As we often say, the virus has brought us many gifts. One of the most surprising is the spike in digital communications. Everything is online which is a very mixed blessing. It’s nice to connect with doctors without spending hours in their waiting room surrounded by people who are coughing, sneezing, or groaning. On the other hand, many of us have complaints about technological glitches that force us to recover passwords or security codes or fix our computers without any access to actual human beings.
At the top of the list of new challenges is ZOOM. Who ever heard of it before March? Who had the foresight to invest in it? Now many of us are zooming every day, either rejoicing in or rebelling against its enforced presence in our Covid world. Some people are happy with the ease and comfort of working from home; others miss the socializing that workplaces provided. Grandparents living a distance away from their families are now becoming familiar with Zoom, and they love the opportunity to see and interact with grandchildren.
Some of us love Zoom, some of us hate it, some both love and hate it. Some have written about the love/hate relationship they have with Zoom, about how it can create moments of intimacy and also of resentment:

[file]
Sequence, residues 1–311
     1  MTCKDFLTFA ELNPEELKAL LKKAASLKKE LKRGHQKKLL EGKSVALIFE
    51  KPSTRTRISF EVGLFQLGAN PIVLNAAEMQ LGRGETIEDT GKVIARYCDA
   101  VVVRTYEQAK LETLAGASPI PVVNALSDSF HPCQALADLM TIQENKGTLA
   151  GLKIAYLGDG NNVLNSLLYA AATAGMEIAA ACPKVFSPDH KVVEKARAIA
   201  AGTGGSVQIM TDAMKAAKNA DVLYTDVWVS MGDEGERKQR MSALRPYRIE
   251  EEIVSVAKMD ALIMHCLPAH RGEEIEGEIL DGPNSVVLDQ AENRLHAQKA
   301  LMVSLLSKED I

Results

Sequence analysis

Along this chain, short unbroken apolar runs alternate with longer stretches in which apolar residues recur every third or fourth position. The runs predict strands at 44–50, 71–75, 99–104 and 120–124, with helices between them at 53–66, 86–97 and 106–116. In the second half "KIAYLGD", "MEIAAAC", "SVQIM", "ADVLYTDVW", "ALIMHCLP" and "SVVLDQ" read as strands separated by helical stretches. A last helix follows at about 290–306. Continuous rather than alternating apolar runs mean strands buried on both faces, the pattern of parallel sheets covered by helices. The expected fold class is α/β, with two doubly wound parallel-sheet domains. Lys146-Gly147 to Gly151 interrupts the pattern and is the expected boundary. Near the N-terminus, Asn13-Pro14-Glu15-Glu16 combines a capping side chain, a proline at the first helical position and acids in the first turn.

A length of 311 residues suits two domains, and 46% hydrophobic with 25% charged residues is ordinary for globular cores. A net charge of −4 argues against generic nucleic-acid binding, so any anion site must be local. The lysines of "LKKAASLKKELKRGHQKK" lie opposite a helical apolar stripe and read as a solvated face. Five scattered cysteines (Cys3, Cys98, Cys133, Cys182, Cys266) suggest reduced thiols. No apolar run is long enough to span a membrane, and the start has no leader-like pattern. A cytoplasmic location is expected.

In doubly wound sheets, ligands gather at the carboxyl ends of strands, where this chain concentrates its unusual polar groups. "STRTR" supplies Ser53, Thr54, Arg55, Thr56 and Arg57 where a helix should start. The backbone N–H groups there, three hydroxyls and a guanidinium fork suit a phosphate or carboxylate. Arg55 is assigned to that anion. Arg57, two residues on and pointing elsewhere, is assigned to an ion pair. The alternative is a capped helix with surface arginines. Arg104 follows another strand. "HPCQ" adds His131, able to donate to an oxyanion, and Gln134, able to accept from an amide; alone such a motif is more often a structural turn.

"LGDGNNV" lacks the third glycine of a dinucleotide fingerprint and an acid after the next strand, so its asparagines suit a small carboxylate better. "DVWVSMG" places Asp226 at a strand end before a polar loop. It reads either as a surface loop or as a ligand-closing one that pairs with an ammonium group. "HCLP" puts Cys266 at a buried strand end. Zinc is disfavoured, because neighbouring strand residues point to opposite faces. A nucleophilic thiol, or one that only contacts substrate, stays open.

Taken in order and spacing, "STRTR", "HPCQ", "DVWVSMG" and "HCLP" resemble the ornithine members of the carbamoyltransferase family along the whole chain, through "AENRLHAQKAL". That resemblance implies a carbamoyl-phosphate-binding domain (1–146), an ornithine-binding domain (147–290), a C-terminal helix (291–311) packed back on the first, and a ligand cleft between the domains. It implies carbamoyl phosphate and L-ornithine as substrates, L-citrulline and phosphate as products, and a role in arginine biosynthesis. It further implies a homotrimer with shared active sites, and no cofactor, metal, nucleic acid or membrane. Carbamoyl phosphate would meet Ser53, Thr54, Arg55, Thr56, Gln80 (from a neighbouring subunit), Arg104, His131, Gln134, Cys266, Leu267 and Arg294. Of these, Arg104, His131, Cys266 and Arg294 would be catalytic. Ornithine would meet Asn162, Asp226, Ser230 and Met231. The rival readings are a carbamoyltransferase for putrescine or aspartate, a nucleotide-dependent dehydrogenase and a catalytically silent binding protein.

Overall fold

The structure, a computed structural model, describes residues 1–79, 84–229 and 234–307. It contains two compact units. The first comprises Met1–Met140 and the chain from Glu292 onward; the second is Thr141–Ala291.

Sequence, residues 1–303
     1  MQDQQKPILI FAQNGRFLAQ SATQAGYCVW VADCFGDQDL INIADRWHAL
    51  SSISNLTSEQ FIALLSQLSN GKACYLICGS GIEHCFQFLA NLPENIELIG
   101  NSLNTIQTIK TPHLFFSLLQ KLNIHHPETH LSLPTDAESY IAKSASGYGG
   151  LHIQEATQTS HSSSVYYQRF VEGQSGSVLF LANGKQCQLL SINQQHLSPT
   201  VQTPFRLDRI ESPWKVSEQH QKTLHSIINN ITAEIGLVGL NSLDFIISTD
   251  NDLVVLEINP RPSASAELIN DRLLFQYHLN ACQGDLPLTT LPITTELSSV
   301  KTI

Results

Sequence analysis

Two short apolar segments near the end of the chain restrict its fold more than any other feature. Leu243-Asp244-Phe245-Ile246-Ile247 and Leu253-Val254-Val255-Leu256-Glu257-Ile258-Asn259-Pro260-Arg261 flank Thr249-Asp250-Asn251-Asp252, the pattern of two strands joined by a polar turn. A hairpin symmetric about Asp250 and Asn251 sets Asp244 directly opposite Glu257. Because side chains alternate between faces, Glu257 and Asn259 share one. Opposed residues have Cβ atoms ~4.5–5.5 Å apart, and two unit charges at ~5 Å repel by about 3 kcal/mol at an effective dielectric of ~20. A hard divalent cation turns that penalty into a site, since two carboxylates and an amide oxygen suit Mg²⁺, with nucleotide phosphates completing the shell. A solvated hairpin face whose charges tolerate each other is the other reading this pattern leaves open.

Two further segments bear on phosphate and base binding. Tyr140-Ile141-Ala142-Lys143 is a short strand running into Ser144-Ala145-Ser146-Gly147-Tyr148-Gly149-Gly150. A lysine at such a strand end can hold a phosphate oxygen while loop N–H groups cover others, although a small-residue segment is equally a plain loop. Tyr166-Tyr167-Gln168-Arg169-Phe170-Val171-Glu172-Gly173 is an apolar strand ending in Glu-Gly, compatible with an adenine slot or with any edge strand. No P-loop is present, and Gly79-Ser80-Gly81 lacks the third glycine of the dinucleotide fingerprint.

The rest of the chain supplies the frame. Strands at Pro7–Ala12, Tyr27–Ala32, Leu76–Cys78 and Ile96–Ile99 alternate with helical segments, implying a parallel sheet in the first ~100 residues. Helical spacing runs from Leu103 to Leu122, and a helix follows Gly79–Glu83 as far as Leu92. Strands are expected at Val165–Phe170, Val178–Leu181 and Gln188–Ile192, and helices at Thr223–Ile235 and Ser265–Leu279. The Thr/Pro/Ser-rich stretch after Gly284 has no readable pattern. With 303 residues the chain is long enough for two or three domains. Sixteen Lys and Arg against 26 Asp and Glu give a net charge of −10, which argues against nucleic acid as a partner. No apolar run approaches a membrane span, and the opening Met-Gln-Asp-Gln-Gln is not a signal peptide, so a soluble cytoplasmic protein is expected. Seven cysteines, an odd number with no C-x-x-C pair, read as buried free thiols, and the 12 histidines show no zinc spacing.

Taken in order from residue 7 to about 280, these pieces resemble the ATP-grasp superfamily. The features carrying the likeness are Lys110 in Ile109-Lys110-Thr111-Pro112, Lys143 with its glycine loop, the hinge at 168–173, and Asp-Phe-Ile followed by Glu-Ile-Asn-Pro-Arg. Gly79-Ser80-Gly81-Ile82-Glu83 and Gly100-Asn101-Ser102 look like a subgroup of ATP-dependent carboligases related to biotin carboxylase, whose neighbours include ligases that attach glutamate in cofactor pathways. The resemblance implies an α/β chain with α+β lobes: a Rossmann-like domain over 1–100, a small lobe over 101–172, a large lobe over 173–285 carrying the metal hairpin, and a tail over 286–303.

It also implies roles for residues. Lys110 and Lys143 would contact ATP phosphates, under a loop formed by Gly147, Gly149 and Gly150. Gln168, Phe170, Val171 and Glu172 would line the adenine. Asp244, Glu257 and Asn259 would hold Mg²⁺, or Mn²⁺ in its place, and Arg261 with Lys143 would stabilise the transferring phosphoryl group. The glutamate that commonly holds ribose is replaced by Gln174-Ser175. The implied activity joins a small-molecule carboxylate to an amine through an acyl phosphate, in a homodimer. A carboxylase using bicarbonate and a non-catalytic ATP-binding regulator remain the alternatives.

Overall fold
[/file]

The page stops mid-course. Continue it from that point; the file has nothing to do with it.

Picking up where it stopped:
Recently, I’ve been thinking of Zoom as something like Heaven, although I know that a great many teachers and professors and their students feel differently and, understandably, may find it to be Hellish. Like Heaven, it’s hard to get into.
I’m old enough to be captivated by it and to find it remarkable. What would my grandparents think of Zoom? It would surely appear miraculous, inconceivable. I remember my grandmother telling me about the magic of hearing a human voice by means of a crystal set. Though she was familiar with telegrams, it was not until she was middle-aged that she had a telephone and much later before she had a black-and wife TV set. My parents had a hi-fi set and coloured TV, but they never had a computer, nor a cell phone.
They would have marvelled at all the wireless capacity we have. How could it be possible to do so many things from a distance: open doors, turn on stoves and computers, dictate and print out documents while driving our cars? All without any wires or cables? Incredible!
There’s a famous poem by Henry Scott-Holland that says, “Death is nothing at all … I have only slipped away into the next room”:
Zoom feels a bit like that. Though people are very far away, on Zoom it’s as though they are just in the next room.
As I try to imagine the multiple universes within which our earth is a mere dot, I wonder if somewhere in a distant galaxy there could not be some interstellar server which picks up all the details in our lives and those of our loved ones. Perhaps it could gather them together for us when we leave this mortal coil. After all, doesn’t the very name, Zoom, conjure up the world of Marvel comics and superheroic feats?
For some of us, one of the gifts from the coronavirus is time to imagine. To conjure up fantasies about all things great and small, visible and invisible.
Tomorrow I may be complaining about the various diabolical aspects of Zoom communications, but for tonight I’m happily visualizing the possibilities of Zoom Heaven.